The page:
orphan drugs

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Related to orphan drugs: orphan disease

or·phan pro·ducts

drugs, biologicals, and medical devices (including diagnostic in vitro tests) that may be useful in either common or rare diseases but that are not considered commercially viable.
Synonym(s): orphan drugs
Farlex Partner Medical Dictionary © Farlex 2012

or·phan prod·ucts

(ōr'făn prod'ŭkts)
Drugs, biologicals, and medical devices (including diagnostic in vitro tests) that may be useful in treating rare diseases but are not considered commercially viable.
Medical Dictionary for the Health Professions and Nursing © Farlex 2012

orphan drugs

A drug used to treat a rare disease and for which the market is so small that manufacturers have little incentive to go to the expense of producing them. In1983 US legislation provided financial incentives, in the form of tax credits and 7 year exclusive rights, to firms willing to produce such drugs. This has been effective and, by mid-2003, 229 orphan drugs were available.
Collins Dictionary of Medicine © Robert M. Youngson 2004, 2005
References in periodicals archive ?
"This review concludes that two of every three orphan drugs approved show the FDA's flexibility in its review of effectiveness data on orphan drug therapies," says Sasinowski.
To further accelerate the development of orphan drugs by the pharmaceutical and biotechnology industries, the NCOD recently asked Congress to approve greater incentives for orphan drug companies.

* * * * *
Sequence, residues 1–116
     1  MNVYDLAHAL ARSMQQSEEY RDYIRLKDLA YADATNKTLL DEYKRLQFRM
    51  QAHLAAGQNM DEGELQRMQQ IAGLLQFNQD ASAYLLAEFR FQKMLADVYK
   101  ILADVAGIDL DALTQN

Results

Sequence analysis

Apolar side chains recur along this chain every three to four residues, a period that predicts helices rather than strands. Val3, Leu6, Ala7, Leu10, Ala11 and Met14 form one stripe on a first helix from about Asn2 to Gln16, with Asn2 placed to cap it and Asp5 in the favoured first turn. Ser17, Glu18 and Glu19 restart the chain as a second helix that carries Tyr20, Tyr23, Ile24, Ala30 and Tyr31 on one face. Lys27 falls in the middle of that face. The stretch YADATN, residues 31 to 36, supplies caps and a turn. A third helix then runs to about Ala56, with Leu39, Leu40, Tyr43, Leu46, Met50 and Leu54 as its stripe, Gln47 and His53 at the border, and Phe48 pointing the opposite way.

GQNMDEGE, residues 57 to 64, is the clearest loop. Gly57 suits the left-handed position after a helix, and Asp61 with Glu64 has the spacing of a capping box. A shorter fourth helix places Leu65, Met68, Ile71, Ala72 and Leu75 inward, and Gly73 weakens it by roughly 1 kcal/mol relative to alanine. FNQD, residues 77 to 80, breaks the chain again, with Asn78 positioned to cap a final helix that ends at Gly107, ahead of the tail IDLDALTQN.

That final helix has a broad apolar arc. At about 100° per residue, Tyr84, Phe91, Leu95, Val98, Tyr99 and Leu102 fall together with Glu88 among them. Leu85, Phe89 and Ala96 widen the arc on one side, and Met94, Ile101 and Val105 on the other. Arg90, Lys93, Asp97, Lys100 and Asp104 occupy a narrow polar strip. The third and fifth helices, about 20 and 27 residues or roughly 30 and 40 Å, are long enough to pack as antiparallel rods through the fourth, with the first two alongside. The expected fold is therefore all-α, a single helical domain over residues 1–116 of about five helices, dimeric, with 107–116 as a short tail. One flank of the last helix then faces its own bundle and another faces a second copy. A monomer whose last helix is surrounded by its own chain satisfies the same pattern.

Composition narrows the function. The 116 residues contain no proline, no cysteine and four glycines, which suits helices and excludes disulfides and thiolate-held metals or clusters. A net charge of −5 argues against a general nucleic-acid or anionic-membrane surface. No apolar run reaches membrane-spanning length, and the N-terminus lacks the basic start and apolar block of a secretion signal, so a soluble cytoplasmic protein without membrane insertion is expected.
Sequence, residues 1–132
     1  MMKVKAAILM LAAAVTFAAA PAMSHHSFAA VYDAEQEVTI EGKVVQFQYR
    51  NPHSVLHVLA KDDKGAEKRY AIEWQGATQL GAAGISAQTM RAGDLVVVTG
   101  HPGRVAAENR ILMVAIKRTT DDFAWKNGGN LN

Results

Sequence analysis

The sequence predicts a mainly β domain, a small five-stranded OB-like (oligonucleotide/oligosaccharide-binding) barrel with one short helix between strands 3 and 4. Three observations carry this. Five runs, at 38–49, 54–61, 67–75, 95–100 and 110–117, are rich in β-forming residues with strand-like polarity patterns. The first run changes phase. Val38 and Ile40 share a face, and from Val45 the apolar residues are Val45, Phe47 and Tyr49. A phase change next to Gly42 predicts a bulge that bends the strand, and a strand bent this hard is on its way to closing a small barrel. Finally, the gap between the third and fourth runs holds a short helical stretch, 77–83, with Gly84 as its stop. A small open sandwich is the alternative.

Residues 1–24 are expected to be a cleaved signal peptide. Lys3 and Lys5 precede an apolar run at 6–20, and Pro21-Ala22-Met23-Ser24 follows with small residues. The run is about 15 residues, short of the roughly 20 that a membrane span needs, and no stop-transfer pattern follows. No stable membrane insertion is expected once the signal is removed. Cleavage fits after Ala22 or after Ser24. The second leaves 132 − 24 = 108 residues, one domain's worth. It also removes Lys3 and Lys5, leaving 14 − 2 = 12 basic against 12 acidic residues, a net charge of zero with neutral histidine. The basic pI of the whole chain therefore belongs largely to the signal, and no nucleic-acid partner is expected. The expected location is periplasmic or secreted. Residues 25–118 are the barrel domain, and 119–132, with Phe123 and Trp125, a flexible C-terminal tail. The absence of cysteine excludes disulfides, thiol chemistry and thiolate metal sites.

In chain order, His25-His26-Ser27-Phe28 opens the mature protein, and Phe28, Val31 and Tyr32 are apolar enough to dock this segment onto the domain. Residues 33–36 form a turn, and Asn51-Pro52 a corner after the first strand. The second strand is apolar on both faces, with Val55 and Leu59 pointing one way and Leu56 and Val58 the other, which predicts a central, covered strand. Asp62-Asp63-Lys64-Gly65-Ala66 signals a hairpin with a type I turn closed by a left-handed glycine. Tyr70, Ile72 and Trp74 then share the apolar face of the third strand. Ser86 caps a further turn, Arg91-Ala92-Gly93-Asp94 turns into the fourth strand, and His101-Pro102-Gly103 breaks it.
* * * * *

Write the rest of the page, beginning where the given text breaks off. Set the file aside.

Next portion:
But companies that produce them under the orphan drug designation are offered several advantages, including research grants, tax benefits, protocol assistance, marketing exclusivity (seven years in the United States) and regulatory challenges (such as a smaller number of clinical trials) that are less daunting than those faced by other new medicines.
The PMA's commission on drugs for rare diseases is encouraging the development of orphan drugs, and finding corporate sponsors for promising therapies.
The Orphan Drug Act of 1983 has worked well in achieving the purpose for which it was enacted--to provide incentives that encourages orphan drug development, says PMA president Gerald Mossinghoff.
Genentech's human growth hormone, used to treat dwarfism, and Amgen's EPO, used to treat anemia in kidney dialysis patients, would retain their orphan drug status.
Some 36 orphan drugs have been approved by the FDA under the Orphan Drug Act and are available to patients.
According to a new report published by Allied Market Research, titled, "Orphan Drugs Market by Disease Type and Indication: Global Opportunity Analysis and Industry Forecast, 2014-2022," the global orphan drugs market was valued at $106 billion in 2015, and is projected to reach $169 billion by 2022, growing at a CAGR of 6.8% from 2016 to 2022.
So, besides enacting an orphan drugs legislation with provisions for incentives for orphan drug developers, the government needs to create a framework that is conducive for the manufacturing of orphan drugs in India, according to ORDI.
Orphan Drugs Market, by Disease Type, Revenue (US$ Bn) 2015-2025
Seven of the top ten companies by orphan drug sales are global industry players."
For those interested in attending Orphan Drugs 2016, registration is live online at http://www.orphandrugs-event.com/prcom.